June 5 – July 31
WORDS Annie Stoppelbein
Summertime is upon us, with its gardens full of lush greenery and lengthy days with ample light to be enjoyed. Stanford Fine Art is celebrating the season with their current exhibition Impressions of Summer. The show is brimming with scenes of maritime activity, beach-side recreation, and ripe still lifes by both American and European artists. The subject matter is refreshingly simple, yet the history of each painting is worth further exploration.
The exhibition, selected from Stanford’s sizeable collection, is in the style of Impressionism—a movement in art that broke from academicism and focused on light and levity.
Stan Mabry, who has owned and operated the gallery since it opened in 1987, can tell you the story behind each and every piece of art in the show. This is part of what he likes about Impressionism—the paintings tell stories. If not the exact provenance, he can recount an interesting anecdote about the work. Beyond the aesthetics, it is interesting to investigate the life of the artist and where they exhibited.
Throughout the gallery, there are gems at every turn, many of them in their original frames. Carl Locher’s Evening Sail is a tranquil scene of soft light at the end of a cloudy day. The view is a group of sailboats idling just off the coast of a rocky shoreline. This is Skagen, Denmark, a popular artists’ colony. Locher was a member of the Skagen Painters, a group of artists who made Skagen their summer retreat. They were attracted to the scenery and quality of light, which is ideal for painting en plein air.
The treatment of the same subject by different artists is juxtaposed throughout the show. Beach-going is a classic summer pastime and a favorite point of study for Impressionist painters. In At the Beach, François Gall depicts a crowded shore in Trouville, France. The painting perfectly captures a busy day at the shore, full of color and liveliness. One can imagine the sounds of children playing, waves crashing, and gulls cawing. In contrast, Ruth Osgood’s Contemplation depicts a quiet moment in solitude. It is a small, quick painting of an anonymous woman in a state of reflection.
Of course, summer is not only found at the beach. It can also be seen in street scenes of New England by Carl Peters. Summer Afternoon, Rockport depicts a winding street lined with colorful houses and people out for a stroll. Rockport was an artists’ colony for the American Impressionists. Peters, who was influenced by several art movements, set up a studio there and taught outdoor summer painting classes.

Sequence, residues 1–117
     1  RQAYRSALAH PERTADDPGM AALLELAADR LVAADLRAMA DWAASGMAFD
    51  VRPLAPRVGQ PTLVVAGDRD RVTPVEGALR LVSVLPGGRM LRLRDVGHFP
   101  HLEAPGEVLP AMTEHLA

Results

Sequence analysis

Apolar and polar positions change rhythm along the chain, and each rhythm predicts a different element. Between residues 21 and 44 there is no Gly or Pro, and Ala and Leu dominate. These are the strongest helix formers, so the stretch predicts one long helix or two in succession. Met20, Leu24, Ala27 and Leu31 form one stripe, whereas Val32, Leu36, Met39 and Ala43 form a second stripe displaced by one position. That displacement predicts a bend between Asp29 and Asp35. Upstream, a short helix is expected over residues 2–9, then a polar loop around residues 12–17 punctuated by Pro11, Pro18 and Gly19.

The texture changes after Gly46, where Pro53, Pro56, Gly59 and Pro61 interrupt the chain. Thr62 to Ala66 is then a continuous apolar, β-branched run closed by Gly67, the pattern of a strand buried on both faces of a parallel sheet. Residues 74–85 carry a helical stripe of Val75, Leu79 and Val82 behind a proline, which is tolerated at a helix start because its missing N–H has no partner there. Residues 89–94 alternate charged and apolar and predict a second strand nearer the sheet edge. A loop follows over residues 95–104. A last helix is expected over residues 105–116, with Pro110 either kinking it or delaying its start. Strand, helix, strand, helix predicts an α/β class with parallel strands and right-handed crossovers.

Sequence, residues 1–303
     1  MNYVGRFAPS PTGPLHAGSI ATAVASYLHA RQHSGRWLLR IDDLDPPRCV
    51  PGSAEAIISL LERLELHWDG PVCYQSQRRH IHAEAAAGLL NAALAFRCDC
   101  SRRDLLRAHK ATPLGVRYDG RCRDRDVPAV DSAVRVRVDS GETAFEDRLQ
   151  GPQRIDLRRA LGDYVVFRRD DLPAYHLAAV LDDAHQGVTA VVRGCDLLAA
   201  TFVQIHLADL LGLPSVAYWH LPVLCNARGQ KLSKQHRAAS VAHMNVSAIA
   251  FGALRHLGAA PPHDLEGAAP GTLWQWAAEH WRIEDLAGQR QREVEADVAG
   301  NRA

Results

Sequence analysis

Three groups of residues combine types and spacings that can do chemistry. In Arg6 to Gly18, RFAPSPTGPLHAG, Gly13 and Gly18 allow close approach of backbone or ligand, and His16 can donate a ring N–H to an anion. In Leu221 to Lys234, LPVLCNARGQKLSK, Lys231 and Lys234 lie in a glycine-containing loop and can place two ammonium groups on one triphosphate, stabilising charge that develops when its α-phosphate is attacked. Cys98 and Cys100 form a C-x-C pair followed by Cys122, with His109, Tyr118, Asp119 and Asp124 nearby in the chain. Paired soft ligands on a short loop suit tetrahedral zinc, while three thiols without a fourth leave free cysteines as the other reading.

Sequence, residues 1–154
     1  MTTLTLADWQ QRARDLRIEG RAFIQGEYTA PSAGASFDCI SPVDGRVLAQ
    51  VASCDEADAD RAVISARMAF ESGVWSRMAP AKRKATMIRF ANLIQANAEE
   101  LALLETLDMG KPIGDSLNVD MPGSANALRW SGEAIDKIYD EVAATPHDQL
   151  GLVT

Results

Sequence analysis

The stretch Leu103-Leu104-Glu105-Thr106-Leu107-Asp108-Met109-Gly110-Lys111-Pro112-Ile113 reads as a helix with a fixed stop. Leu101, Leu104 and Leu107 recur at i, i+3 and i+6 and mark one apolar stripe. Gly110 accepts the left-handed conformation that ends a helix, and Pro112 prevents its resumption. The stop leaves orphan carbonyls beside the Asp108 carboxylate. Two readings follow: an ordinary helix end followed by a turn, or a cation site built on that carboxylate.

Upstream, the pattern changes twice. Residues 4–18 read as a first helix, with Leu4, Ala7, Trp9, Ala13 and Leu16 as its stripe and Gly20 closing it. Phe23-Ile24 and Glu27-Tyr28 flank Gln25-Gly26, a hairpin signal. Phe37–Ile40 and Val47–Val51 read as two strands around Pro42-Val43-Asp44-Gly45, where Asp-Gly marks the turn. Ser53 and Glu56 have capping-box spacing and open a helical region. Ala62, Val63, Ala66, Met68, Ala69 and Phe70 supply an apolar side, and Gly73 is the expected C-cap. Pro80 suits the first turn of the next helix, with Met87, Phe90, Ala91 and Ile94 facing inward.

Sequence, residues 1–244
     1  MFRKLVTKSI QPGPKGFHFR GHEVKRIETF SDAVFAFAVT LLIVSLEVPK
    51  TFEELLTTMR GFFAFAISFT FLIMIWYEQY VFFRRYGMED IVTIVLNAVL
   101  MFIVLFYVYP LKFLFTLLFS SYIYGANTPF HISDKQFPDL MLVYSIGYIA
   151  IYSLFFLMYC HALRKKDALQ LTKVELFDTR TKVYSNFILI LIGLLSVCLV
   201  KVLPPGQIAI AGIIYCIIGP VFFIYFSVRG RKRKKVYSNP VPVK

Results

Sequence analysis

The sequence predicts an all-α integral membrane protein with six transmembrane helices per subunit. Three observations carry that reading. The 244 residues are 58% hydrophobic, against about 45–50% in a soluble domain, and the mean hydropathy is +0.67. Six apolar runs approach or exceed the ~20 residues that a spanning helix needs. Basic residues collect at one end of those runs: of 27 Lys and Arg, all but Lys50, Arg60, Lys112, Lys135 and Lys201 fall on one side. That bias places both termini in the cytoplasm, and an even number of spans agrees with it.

Stanford is proud of their roster of women artists, who were historically deprived of adequate recognition and exhibition opportunity in their lifetime. There are several women represented in Impressions of Summer. Willie Betty Newman grew up in Murfreesboro. She traveled to France in the 1890s to attend the Académie Julian and to exhibit her work in Parisian salons. Although her training was traditional, Newman was inspired by the experimental French Impressionists, as seen in works like Spring Landscape in France. Cognizant of the attitude towards women artists, she often signed her paintings “W.B. Newman” to obscure her gender. Later she opened a studio in Nashville and was commissioned to paint portraits of many notable Tennesseans, including President James K. Polk.
Amid the landscapes and nautical scenes are a few mouthwatering still lifes. In addition to landscapes and portrait paintings, the French Academy of Fine Art considered still life to be a lesser form of art. How can one derive intellectual meaning from a bowl of fruit? The Impressionists, however, loved to indulge in this type of painting. Charles P. Maxfield’s Watermelons is a spin on the genre often oversaturated with apples and oranges. It is an unexpected homage to the juicy fruit, a product of and remedy for the summer heat. Antoinette Schultz’s Still Life with Pear and Figs showcases a vibrant bounty in bright greens and deep purples.
“The works are pleasing to the eye and call to mind memories of the sweetness of the season.”
For over three decades Stanford Fine Art has been Nashville’s paragon purveyor of nineteenth- and twentieth-century treasures. Impressions of Summer is a mélange of lighthearted visuals with a rich history. The works are pleasing to the eye and call to mind memories of the sweetness of the season. A visit to Stanford Fine Art, located off the beaten path in Belle Meade, is an abbreviated vacation in itself.
Impressions of Summer is on view at Stanford Fine Art June 5 through July 31. For more information, visit www.stanfordfineart.net.